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East Bay Revolutionaries

Date: Fri April 17, 2009 8:00pm

The Oakland East Bay Symphony's April 17 concert at the Paramount Theatre "pairs two composers who were revolutionaries in their time, and who changed the course of music forever," says Music Director Michael Morgan. In the case of Beethoven, it's the youthful and pathbreaking 1798 Piano Concerto No. 1 (with Sara Buechner as soloist), and from Stravinsky, it's the riotous Petrouchka ballet suite (1947 version).

In addition to new harmonies and dynamics in both works, wild rhythms are special characteristics: In the third movement of the piano concerto, syncopation reaches the point of jazz, and the adventures of Petrouchka the puppet overwhelm with arrhythmical motions on the order of Chorea sancti viti (St. Vitus' dance), just on this side of dyskinesias. Both pieces burst with colors, huge swings in mood, and waves of raw power.

Petrouchka has an important role in the history of ballet. Stravinsky composed the music for Sergei Diaghilev's Ballets Russes, which premiered it at the Théâtre du Chatelet in 1911, under Pierre Monteux — who, it may behoove young audiences to know, later became the longest-serving music director of the San Francisco Symphony, from 1935 to 1952. With choreography by Mikhail Fokine, sets by Alexandre Benois, and Vaslav Nijinsky in the title role, it's hard to get more historic. But the greatness of the occasion took decades to be appreciated, and the public had a hard time with the music, although it refrained from the outright riot that greeted The Rite of Spring two years later in the same Paris theater. (OEBS originally scheduled Rite, which requires a larger orchestra, for this program.)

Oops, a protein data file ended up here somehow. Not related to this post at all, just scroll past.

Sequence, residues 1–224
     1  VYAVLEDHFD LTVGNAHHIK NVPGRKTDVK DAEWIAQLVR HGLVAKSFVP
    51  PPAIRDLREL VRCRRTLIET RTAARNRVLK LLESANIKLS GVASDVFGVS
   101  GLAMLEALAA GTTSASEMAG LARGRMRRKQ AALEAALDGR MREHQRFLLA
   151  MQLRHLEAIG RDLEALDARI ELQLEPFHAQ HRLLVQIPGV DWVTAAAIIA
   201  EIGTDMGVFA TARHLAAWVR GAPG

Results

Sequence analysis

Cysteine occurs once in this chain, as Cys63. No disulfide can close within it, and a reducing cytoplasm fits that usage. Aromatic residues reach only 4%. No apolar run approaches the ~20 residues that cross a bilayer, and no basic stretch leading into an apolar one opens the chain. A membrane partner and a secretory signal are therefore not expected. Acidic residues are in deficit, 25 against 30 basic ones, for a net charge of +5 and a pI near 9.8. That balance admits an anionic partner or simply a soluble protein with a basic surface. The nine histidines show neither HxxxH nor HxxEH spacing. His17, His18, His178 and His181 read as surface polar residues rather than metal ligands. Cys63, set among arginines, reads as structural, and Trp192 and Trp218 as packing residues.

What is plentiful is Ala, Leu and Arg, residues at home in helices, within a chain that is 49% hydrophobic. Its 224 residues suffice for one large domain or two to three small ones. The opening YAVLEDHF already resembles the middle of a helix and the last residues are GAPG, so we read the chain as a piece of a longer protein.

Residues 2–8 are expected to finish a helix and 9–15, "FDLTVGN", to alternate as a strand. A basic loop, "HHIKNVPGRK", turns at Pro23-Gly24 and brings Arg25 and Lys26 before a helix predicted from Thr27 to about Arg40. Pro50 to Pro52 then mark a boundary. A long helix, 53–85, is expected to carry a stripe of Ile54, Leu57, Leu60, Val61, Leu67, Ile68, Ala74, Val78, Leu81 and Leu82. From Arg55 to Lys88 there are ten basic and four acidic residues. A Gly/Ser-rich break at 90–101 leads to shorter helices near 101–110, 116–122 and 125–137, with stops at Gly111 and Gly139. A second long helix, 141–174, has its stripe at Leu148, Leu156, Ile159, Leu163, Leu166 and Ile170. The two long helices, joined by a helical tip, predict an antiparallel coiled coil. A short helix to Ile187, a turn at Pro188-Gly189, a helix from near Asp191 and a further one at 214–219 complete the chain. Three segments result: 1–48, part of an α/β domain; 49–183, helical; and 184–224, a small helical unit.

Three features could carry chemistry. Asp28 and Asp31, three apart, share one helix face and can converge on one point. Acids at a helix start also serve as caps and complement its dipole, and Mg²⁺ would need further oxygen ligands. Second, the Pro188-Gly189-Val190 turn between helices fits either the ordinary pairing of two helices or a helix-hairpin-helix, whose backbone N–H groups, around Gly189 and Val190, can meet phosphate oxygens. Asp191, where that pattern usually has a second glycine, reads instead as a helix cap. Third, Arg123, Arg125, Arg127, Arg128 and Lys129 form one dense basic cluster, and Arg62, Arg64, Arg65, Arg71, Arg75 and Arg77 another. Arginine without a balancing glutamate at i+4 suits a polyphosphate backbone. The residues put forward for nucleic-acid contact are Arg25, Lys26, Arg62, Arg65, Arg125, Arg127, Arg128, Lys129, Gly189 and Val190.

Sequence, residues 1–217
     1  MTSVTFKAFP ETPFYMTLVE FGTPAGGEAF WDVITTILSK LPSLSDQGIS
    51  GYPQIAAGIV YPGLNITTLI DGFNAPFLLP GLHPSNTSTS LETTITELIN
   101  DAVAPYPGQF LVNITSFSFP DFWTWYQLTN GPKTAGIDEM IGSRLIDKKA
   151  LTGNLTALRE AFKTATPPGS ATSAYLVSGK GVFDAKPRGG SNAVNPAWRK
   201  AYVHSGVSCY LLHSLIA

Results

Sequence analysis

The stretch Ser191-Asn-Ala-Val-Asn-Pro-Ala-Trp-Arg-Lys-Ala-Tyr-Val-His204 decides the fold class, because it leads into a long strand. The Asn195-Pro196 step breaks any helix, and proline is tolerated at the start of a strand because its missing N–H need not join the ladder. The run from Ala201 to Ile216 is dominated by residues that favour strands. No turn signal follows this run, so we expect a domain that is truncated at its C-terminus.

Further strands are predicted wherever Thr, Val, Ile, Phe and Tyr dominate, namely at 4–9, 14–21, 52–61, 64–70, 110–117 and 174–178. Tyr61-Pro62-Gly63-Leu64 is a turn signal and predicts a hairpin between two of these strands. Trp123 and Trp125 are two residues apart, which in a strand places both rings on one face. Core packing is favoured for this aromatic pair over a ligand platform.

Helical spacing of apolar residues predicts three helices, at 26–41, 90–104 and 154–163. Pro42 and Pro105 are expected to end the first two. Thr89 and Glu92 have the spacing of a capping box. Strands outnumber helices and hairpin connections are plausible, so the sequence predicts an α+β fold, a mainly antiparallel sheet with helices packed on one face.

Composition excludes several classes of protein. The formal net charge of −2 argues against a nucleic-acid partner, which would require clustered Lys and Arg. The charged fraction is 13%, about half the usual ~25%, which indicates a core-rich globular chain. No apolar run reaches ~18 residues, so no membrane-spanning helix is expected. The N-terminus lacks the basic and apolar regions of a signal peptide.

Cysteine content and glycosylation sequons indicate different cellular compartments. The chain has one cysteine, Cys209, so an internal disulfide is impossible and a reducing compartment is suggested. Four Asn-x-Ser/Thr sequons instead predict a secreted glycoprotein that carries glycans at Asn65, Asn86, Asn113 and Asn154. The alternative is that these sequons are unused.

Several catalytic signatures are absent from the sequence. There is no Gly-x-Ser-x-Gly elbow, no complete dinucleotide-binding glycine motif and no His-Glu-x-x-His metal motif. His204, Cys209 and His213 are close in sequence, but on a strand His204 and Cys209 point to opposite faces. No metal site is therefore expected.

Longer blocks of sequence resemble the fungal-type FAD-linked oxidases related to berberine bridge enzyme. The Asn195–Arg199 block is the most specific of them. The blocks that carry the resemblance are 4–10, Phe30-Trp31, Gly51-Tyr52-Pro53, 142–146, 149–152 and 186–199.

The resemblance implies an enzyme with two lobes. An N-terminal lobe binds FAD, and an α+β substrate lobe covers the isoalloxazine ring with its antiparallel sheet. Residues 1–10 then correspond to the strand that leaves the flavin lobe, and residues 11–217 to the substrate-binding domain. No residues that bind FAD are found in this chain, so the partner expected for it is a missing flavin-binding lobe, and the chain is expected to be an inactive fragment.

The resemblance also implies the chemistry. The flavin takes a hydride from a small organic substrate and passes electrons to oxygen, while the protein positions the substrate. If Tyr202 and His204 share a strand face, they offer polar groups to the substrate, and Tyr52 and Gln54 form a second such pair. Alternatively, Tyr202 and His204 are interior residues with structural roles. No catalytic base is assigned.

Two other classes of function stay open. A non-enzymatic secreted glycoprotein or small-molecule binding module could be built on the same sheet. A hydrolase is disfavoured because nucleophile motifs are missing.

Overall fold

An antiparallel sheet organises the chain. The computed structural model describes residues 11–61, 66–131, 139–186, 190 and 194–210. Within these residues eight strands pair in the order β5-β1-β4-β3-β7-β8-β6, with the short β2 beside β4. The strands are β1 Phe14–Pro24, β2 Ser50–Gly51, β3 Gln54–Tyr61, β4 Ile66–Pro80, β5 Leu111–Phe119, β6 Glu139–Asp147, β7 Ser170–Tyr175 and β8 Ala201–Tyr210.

It wasn't just the audience troubled by Petrouchka: The mighty Vienna Philharmonic refused to play the score, calling it "dirty music." I wonder what they would have made of Bartók's near-contemporary, far more erotic The Miraculous Mandarin back then; it did upset listeners in Cologne, and was banned in Germany. Thirty-six years after the premiere, Stravinsky reworked Petrouchka as an orchestral suite, but not to worry — he didn't "clean it up."

Not as well known as Wagner's "Tristan Chord," the "Petrouchka Chord" is interesting enough, with two major triads played together. Listen for this bitonality device heralding the appearance of the tragic hero of the piece.

This being Morgan's ever-contemporary OEBS, there is something new on the program. It's Mark Lanz Weiser's Four Scenes From the Story of Toccata and Fugue. The Southern California composer, 40, equally busy with movies and concert pieces, is a multiple ASCAP winner. His opera, Where Angels Fear to Tread, premiered at the Peabody Conservatory in Baltimore.

Of Four Scenes, Morgan says: "It's a short piece, a series of selections from a film score (tonal, evocative) and because it's for string orchestra, it reminds you of that other great string orchestra film score, Psycho — but without the insanity."

The film in question is Neal Thibedeau's 2007 thriller The Story of Tocatta and Fugue, whose main characters are named Gil Toccata and Andi Fugue, played by Graham Sibley and Annika Marks. ("Tocatta" in the film becomes "Toccata" in the concert program because, as the composer admitted to us: "I didn’t want people to think I don’t know how to spell that Italian word.")

To enhance further the concert's aural pomp and grand circumstances, Morgan opens the evening with Rimsky-Korsakov’s 1888 Russian Easter Overture. Note how the celebratory theme in this piece will later resonate in Petrouchka's carnival scenes. Mother Russia will be well served.

An hour before the concert starts (as Russian Orthodox Obikhod canticles, mixed with pagan rhythms, ring out), John Kendall Bailey presents a preconcert lecture.

Janos Gereben appreciates news tips, corrections, and words of encouragement at [email protected].